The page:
Make much of Jesus in your preaching and teaching. Charles Spurgeon famously commented about his preaching, “I take my text and make a beeline for the cross.” Here’s a question you need to ask yourself when you teach, preach, or lead a small group Bible study: “Am I pointing to Jesus?” It is all to easy to get so caught up in the text your teaching out of that you forget to draw a connection to Jesus. This doesn’t mean that you have to teach out of the gospels or even the New Testament the whole time. It’s just that you make sure Jesus doesn’t take a back seat to anything, even the Bible.

Share about how Jesus has transformed you (and ask your leaders to do it, too). The reason you need to make much of Jesus in your youth ministry isn’t just because you have teenagers who don’t yet know him. We need Jesus each and every day to continually grow us, mold us, and transform us. Sharing about how Jesus has done that in your life isn’t just about sharing your conversion story. You need to continually share how Jesus is growing you and working in your life. This can be a very vulnerable experience, but if you’re willing to talk about your weaknesses and how you need Jesus every day, the teenagers you lead are more likely to see that they need him every day, too.

Celebrate Jesus changing lives. One of the most powerful moments as a youth pastor came this past summer when a number of students accepted Jesus for the first time or recommitted their lives to him. What made it so powerful wasn’t just that it happened; it was seeing their friends cheer them on and pray for them as they began their new journey with Jesus. When a lost teenager comes home to Jesus, there’s a party in heaven, so why shouldn’t there be a party in our youth ministries as well?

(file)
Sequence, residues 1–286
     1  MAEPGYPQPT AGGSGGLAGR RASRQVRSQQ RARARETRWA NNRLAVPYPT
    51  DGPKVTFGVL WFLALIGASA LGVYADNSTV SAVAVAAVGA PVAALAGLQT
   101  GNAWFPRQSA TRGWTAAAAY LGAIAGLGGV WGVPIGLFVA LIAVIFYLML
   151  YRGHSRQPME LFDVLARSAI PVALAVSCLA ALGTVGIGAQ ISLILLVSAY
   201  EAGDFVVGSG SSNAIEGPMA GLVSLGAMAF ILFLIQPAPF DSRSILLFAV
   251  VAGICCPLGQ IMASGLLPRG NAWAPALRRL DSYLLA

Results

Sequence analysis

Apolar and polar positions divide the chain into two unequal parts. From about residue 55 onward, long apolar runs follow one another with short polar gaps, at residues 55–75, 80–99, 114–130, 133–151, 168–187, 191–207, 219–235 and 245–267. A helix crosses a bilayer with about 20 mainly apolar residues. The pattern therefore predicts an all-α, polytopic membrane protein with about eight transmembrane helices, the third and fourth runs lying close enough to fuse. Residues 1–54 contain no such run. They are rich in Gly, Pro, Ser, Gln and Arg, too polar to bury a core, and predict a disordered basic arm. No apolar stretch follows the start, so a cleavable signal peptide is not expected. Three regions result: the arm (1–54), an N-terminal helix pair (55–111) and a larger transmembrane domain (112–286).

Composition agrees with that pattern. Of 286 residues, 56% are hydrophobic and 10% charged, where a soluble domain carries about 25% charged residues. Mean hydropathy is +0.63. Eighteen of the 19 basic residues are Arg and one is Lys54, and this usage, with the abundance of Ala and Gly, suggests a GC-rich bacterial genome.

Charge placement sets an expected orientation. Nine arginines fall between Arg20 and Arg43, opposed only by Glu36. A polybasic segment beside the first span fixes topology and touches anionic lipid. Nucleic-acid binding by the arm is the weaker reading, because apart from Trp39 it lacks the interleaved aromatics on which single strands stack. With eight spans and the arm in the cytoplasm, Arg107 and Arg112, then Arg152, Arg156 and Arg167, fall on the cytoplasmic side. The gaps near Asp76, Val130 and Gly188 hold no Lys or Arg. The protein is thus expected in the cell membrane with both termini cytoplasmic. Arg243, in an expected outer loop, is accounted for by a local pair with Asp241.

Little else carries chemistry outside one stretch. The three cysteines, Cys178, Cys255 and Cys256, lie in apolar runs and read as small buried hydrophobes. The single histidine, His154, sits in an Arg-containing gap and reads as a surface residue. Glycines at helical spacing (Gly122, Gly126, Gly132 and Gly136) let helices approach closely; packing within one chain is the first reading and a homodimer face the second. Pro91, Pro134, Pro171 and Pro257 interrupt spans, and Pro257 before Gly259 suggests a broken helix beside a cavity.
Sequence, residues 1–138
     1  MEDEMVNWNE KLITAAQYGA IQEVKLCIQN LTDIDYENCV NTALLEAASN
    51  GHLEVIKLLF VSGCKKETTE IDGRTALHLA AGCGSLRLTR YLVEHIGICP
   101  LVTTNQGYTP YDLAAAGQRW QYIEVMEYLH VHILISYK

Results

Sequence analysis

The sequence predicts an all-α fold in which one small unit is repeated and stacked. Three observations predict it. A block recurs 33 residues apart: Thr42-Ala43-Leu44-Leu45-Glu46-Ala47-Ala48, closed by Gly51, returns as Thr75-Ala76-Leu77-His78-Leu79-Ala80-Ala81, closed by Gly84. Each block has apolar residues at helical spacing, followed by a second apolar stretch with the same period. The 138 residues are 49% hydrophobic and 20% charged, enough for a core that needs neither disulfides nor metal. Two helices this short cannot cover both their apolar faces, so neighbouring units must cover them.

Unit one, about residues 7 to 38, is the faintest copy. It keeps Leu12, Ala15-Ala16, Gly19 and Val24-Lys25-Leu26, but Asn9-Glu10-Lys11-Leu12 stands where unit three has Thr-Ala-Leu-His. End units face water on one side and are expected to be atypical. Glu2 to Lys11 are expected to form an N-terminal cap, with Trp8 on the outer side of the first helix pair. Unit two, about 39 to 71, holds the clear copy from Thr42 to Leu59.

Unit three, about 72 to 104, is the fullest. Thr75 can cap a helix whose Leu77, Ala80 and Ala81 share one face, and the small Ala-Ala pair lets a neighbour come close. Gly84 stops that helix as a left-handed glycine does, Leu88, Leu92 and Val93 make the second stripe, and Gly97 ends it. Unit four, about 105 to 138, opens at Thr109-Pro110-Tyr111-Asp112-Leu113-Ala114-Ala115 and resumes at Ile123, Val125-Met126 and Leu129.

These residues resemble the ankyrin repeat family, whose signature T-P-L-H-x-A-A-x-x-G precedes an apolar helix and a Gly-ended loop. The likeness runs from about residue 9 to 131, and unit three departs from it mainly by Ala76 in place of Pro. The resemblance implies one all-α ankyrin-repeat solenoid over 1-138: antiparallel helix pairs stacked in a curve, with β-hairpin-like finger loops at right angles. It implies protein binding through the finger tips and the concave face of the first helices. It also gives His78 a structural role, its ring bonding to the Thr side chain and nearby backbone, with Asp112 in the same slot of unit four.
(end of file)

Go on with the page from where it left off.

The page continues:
Worship Jesus and provide a variety of ways for teenagers to respond to him. Corporate singing–whether you’ve got 300 teenagers in the room or just a handful–can be a powerful way for teenagers to respond to Jesus. But it doesn’t have to be limited to music. Provide different ways for teenagers in your group to respond to what Jesus is doing in their lives. Create a prayer station with an interactive prayer activity. Or you might ask teenagers to answer a challenge from Jesus with a physical activity, such as writing on a card how they can answer Jesus’ call to love an enemy in their life and taping it to the wall of the youth room. It’s one thing to teach about Jesus; it’s quite another to actually help teenagers take practical steps in their journey to follow him.

How else can we make much of Jesus in our youth ministries?

UPDATE: You can read Part 2 (Grace) here and Part 3 (Love) here.